The Great Debate UK
-Jeremy Batstone-Carr is director of private client research at Charles Stanley. The opinions expressed are his own.-
It’s that time of year again! The time of year in which the writer’s desk, never a pretty sight at the best of times, becomes clogged with the product of the investment community’s crystal ball gazing.
Needless to say the vast majority is effusive in its enthusiasm for risk assets (turkeys don’t vote for Christmas) and makes an aggressive and fairly convincing case as to why equity markets will never go down again…ever!
However, for the Bob Cratchits of this world (well, our office Christmas party was cancelled) life just isn’t like that. Most investors have learned the hard way that trees don’t grow up to the sky and share prices can go down as well as up.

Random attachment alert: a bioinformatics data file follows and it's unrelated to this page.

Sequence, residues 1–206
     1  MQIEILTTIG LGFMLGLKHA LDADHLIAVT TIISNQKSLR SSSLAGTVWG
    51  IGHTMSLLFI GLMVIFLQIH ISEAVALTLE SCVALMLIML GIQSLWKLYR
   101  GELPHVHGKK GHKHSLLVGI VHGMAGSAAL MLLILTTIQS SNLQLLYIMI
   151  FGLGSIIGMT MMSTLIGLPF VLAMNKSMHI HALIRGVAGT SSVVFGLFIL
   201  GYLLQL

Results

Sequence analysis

- Laurence Copeland is a professor of finance at Cardiff University Business School and a co-author of “Verdict on the Crash” published by the Institute of Economic Affairs. The opinions expressed are his own. -
We could see it coming, couldn’t we? Those gigantic over-leveraged hedge funds were bound to come crashing down, as their massive bets turned sour, forcing them to default on their bank loans and bringing the banking system to its knees.
from The Great Debate:
While they have avoided the opprobrium heaped on bankers during the bear market, traditional active fund managers have quietly been proving that they too are often highly paid destroyers of value.
Active managers have few bushes left to hide behind, and the release of a new report from Standard & Poor's uproots one of the few left: that somehow they provide protection during down markets, being able to go into cash and defensive stocks.